Bandaloop Soars: ‘Vertical Dance Group’ Stun and Delights

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Photo by Silvia Cantu-Bautista

Whimsical acrobatics by the Bandaloop crew inspired and entertained.

By SARAH BOYLE

This weekend the vertical dance troupe Bandaloop celebrated its return to the Middlebury community as a part of the Mahaney Center of the Arts 25th anniversary. The gravity-defying group, which includes alumnus Mark Stuver ’97.5, returned to the college after their last performance in 2004. Viewers were able to experience Bandaloop’s unique performances at the Mahaney Center for the Arts plaza.

Bandaloop blends circus art, athleticism, and dance to create their dazzling performances. Using ropes and pulley systems, the dancers are able to fly across walls and fall through midair in an act that is fresh and awe-inspiring.

Company member Roel Seeber loves that his movements have a “perceived weightlessness” about them. What makes Bandaloop special for him is that they are able to “bring dance to people who would never see it,” because their stages are public buildings. Seeber also loves this medium because in a world of smart phones and a tendency to disconnect from our environments, Bandaloop allows people to look up to the sky with wonder.

The troupe was formed in 1991 by Amelia Rudolph and is currently based in the San Francisco area. The thrilling medium of dance that the group is known for alters the way that dance is viewed, bringing it outside and to different communities. The company has traveled to over 17 countries throughout the world to give people new experiences with performance art and the emotions it can evoke in us.

The group places a great deal of emphasis on education, so they hold classes in their local area. Accordingly, Middlebury students were able to try out this exhilarating form of dance through vertical dance workshops at Virtue Field House run by troupe members. Stuver also gave a talk about his dance and entertainment career, serving as an inspiration for all dance and theatre majors of the college.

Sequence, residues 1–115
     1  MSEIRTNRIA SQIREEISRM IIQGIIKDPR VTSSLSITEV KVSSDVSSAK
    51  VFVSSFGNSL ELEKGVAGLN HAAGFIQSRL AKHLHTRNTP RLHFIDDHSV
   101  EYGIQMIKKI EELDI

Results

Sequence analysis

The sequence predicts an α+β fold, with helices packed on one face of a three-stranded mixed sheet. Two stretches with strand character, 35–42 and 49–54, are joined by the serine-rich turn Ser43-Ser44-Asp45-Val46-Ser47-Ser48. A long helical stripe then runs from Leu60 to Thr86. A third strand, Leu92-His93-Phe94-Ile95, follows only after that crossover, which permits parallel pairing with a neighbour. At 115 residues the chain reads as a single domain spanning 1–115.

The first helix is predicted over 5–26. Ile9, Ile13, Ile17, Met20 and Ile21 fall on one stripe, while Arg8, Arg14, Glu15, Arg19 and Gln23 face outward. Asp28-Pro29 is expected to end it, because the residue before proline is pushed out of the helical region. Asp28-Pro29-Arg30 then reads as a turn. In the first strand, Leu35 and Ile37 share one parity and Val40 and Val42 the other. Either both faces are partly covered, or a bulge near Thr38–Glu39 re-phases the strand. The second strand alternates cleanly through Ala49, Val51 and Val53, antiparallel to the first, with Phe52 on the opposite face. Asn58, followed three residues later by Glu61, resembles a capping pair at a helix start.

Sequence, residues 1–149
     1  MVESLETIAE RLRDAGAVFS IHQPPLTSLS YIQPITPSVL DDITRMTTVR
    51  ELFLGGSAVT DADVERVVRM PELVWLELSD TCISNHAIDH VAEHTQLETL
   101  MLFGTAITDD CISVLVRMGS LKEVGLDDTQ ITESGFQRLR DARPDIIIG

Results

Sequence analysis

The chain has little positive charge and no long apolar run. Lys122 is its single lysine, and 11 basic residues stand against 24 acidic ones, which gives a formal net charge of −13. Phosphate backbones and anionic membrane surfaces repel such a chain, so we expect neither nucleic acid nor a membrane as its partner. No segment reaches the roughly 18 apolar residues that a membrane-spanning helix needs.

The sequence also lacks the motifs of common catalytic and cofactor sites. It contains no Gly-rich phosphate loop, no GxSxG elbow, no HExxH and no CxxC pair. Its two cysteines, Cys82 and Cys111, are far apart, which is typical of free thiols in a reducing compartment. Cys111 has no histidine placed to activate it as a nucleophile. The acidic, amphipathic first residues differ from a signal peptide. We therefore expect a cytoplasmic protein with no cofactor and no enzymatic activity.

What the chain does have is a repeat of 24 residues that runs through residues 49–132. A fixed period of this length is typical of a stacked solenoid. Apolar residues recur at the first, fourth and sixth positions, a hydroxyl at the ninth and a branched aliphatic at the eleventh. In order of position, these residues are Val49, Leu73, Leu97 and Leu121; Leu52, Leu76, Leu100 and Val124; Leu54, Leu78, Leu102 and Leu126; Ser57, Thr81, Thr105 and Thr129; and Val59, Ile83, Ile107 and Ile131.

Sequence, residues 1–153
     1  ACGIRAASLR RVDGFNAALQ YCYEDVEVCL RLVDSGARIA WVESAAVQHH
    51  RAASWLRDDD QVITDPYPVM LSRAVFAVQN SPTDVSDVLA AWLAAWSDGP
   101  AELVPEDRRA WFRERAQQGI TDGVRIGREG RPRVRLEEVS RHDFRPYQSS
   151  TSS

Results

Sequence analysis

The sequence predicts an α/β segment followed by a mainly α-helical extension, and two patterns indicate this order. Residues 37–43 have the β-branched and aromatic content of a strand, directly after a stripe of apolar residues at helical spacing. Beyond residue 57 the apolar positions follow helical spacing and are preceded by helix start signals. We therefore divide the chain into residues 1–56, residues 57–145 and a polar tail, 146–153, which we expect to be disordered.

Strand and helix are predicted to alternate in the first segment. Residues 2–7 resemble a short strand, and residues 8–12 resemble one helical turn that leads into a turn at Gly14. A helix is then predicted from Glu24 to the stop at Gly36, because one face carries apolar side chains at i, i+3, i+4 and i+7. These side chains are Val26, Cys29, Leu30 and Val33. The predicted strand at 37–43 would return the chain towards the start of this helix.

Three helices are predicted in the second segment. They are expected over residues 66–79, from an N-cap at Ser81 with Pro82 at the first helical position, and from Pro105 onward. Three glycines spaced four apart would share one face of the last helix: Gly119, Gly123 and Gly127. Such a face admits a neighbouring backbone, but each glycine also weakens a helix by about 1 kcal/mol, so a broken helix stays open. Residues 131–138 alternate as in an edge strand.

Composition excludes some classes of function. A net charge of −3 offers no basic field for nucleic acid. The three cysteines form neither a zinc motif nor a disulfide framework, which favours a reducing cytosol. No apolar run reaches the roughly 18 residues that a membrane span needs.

Mark Stuver’s long and impressive dance journey started at Middlebury. Growing up in rural Colorado, he said he “did not have much access to culture” such as dance, but decided to try the art form when striking up a conversation with one of the department’s professors at class registration. Professors such as Penny Campbell helped formulate Stuver’s dance experience at the college, and gave him “an understanding of the creative process.”

While at the college, Stuver performed in various college dance troupes and choreographed a duet that was featured at the Kennedy Center for the American College Dance Festival.

After graduating from Middlebury with a major in Dance, he joined Bandaloop and began to tour the world with their company, filling up three passports in the process. From Saudi Arabia to South America, he and his fellow dancers have been able to bring their passion for dance around the globe.

Stuver says that the biggest take-away for him during this time was not how similar everyone is across the world, but how different and “unknown” to him everyone was. Dance was a way to bring all of these differences together “embrace the unknown in others” and allow others to “embrace the unknown” in him.

However, after many years of performing with the troupe, Stuver has decided it is time to move on from high-flying performances and move on to quieter roles in writing.

His final show with Bandaloop was on Saturday, an experience he described as “walking into the past.” To begin and end (for now) his dance journey in the same place, to him, is “very potent.”

Stuver has a lot to work with in the world outside of dance. He has worked as a puppeteer at the Natural History Museum in Los Angeles, performed on the Late Show with David Letterman and the Late Late Show with James Corden, written various screenplays, and acted in short films.

A true Middlebury grad through and through, he has varied interests and even holds a Master’s degree in Jungian psychology. Through his time working as a therapist he realized that the best way for him to help people is through storytelling, which is where his career is headed now.

Through Bandaloop’s memorable performances this weekend and Stuver’s wide-ranging and fruitful career in the arts, Middlebury students have great examples of the creative possibilities that await them in the years after graduation.